New York’s legal scene is being flooded with new arrivals and newcomers.
The number of lawsuits filed in the last month alone is expected to reach 1.7 million by the end of 2017.
It is an increase of 1,300 percent over the same period last year.
But for the legal community, it has been a whirlwind of a start to the year.
The New York State Supreme Court is set to hear oral arguments in two lawsuits filed last month on the same issues: whether a man can be held criminally liable for assaulting his ex-girlfriend in a public park, and whether a police officer violated his civil rights when he arrested a woman.
Both lawsuits were brought by women.
Both cases involve a lawsuit alleging a police shooting of a man in a parking lot.
One of the lawsuits is challenging a New York state law that requires all people charged with a felony to be held for 24 hours without bail or the possibility of bail.
The other case is challenging New York police’s use of body cameras during an investigation of an officer-involved shooting.
New York Attorney General Eric Schneiderman, who is leading the investigation, said the videos are important in determining whether police actions violated the man’s constitutional rights.
“The video is critical in determining the propriety of an arrest,” Schneiderman said in a statement.
“It is essential that New Yorkers understand that the use of deadly force against a suspect can never be justified.”
The videos were released to the public on Tuesday.
One video shows a man lying in a pool of blood on a sidewalk after he was shot in the leg by an NYPD officer.
The video shows the officer’s body camera recording him, and the audio appears to be edited, though the police officer can be heard making comments about how the man had his hands up when he was in the car.
Police said the man was a “felon” and “danger to himself and others,” but Schneiderman’s office has refused to release the videos.
Another video shows an officer dragging a woman into a vehicle.
She is bleeding from the mouth and face, and appears to have been restrained by the officer and the man.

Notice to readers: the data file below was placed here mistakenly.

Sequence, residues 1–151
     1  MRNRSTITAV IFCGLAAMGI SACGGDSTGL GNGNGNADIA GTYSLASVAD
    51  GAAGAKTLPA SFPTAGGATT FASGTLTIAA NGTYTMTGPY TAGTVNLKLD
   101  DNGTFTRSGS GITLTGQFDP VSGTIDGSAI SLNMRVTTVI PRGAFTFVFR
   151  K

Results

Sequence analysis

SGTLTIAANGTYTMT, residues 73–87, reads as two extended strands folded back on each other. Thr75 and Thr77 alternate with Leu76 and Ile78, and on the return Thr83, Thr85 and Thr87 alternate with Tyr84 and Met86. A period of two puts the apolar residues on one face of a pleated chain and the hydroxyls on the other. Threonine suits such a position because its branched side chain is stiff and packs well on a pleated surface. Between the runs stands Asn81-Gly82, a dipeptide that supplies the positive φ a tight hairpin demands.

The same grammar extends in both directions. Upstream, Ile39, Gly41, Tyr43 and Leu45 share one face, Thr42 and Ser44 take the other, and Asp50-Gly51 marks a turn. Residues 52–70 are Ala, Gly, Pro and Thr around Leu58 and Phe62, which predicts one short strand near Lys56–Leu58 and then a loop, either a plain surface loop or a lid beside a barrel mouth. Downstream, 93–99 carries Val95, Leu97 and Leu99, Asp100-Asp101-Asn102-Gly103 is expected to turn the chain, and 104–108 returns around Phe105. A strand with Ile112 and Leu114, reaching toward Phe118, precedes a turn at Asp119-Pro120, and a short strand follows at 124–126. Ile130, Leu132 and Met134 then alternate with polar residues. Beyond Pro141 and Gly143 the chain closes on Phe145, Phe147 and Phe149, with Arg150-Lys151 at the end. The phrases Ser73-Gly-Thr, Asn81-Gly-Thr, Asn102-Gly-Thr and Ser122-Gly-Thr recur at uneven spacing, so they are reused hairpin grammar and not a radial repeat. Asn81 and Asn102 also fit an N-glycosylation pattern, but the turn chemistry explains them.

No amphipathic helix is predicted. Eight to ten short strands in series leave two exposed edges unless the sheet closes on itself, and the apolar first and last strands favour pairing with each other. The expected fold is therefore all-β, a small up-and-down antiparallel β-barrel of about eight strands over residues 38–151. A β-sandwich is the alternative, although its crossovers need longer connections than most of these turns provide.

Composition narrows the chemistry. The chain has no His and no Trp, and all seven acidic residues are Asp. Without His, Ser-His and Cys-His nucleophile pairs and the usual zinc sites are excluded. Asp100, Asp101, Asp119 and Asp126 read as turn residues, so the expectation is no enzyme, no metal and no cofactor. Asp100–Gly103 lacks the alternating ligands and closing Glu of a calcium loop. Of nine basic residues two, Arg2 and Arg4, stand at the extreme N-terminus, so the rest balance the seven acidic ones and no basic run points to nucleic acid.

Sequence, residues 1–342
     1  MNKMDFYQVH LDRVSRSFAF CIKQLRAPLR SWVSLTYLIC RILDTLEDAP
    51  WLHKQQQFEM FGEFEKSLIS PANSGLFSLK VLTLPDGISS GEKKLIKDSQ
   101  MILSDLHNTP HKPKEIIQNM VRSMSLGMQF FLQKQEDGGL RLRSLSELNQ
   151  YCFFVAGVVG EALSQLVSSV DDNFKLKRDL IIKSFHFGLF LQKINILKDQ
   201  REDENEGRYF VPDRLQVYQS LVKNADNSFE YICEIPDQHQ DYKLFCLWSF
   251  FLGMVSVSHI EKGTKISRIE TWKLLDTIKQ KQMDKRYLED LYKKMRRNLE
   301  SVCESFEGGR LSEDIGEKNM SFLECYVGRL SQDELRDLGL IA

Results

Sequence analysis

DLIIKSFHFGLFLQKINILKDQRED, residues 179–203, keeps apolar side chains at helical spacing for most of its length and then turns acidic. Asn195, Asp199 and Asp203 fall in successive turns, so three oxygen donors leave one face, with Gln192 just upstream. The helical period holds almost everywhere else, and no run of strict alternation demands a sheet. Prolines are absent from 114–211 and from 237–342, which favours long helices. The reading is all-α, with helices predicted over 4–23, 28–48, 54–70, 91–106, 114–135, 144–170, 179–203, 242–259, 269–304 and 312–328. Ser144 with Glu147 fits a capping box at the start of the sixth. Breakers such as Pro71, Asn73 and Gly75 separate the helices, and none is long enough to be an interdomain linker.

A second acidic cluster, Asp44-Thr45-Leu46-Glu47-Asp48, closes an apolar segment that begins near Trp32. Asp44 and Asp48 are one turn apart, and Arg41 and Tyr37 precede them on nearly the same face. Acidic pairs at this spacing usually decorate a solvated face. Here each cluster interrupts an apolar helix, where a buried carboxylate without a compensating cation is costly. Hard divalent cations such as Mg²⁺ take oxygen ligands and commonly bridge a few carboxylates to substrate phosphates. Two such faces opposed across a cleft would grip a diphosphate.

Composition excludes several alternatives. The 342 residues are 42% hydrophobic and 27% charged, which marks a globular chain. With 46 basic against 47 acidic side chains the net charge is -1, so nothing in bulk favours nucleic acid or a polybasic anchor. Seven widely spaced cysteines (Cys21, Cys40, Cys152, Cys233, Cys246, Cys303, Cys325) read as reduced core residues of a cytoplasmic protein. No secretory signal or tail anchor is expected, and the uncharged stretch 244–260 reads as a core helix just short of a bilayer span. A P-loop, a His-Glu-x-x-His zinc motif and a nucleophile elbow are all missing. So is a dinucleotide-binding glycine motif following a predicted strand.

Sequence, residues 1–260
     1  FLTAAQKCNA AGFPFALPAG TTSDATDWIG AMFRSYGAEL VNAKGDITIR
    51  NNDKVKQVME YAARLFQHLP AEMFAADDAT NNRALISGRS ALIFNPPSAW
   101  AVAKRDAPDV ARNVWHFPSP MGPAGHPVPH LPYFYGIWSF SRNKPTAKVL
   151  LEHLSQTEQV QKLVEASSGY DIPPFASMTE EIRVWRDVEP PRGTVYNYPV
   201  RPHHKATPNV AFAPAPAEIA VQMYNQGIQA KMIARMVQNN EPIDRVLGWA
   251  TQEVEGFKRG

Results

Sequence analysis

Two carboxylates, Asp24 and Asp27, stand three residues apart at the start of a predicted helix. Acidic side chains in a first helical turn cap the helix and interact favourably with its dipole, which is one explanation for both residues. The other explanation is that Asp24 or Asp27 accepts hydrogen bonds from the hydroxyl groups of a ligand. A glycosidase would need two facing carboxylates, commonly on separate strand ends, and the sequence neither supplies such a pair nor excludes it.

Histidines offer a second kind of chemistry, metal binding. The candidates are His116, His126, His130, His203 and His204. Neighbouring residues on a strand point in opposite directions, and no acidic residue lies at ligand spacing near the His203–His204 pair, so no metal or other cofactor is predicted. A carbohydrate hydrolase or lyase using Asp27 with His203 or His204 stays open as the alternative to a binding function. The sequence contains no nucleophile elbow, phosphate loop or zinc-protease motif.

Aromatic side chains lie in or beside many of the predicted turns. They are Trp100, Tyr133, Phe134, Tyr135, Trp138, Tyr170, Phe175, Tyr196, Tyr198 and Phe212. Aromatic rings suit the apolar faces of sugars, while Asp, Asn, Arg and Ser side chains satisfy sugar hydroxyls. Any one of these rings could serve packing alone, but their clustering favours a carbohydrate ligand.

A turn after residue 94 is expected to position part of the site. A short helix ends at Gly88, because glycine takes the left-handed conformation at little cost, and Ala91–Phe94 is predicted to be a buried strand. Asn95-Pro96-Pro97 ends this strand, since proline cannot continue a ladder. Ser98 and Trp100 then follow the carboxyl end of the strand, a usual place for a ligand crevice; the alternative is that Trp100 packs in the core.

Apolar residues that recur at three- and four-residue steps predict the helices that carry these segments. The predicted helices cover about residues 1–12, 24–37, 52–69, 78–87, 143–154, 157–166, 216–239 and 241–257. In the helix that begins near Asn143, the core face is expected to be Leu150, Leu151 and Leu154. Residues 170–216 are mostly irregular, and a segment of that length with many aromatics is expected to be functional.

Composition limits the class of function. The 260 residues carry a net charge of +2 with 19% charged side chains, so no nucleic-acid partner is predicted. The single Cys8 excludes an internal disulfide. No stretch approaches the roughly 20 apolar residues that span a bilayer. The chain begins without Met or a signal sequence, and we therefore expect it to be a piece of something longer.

Police did not release the name of the officer involved.
Police say the video also shows the man being punched in the face by the officers.
Schneiderman has said that officers are under no obligation to record video when they are in plain view of people or in plain sight of police cars, but he has refused in each case to release any footage of the arrests.
A woman is seen in the second video being dragged into a car by police officers after being arrested.
Another woman in the video is seen being taken into custody and handcuffed.
In the first video, an officer is seen pushing a woman to the ground, which is not recorded.
Schneidermen has said the officer has a right to use deadly force, but has not released the name.
Police have not released any video of the officers who arrested the woman.
The second lawsuit involves a man who was arrested on a misdemeanor charge of trespassing in a park.
The woman’s boyfriend was visiting from New Jersey and she and her boyfriend had gone to the park with their dogs to play.
The boyfriend was walking to the back of the park when a police car approached and began questioning him, according to the lawsuit.
He asked the officers why he was being stopped, and an officer responded that he was trespassing and was trying to reach his car.
The lawsuit also says that officers had a right not to pursue the man because he was not a criminal.
The man had a court order against him that said he had to stay away from the park and that he had broken a leash and leash-whip law.
The suit also alleges that officers “attempted to restrain the man with a Taser.”
Police said in an email to The Associated Press that they have not yet seen the video and did not comment.
The police department did not respond to a request for comment on the lawsuit from The Associated Media.
In addition to the lawsuits, Schneiderman is also investigating a police-involved death.
He has said a police helicopter in an unmarked car was not following a roadblock that appeared to be marked with yellow tape.
Schneider said on Monday that the officer who shot the man did not have a badge or a body camera.
A man who called 911 from the back seat of a police vehicle was taken to a hospital with a gunshot wound.
Police officials have not commented on that case, but have said the officers involved have been placed on administrative leave.
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